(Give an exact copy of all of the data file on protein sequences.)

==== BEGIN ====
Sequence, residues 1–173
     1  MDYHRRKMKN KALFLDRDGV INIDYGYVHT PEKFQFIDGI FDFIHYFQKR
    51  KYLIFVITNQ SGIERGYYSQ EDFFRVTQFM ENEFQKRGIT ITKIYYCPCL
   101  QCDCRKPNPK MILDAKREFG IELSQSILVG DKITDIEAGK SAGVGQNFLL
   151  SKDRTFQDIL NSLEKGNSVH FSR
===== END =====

Sequence, residues 1–173
     1  MDYHRRKMKN KALFLDRDGV INIDYGYVHT PEKFQFIDGI FDFIHYFQKR
    51  KYLIFVITNQ SGIERGYYSQ EDFFRVTQFM ENEFQKRGIT ITKIYYCPCL
   101  QCDCRKPNPK MILDAKREFG IELSQSILVG DKITDIEAGK SAGVGQNFLL
   151  SKDRTFQDIL NSLEKGNSVH FSR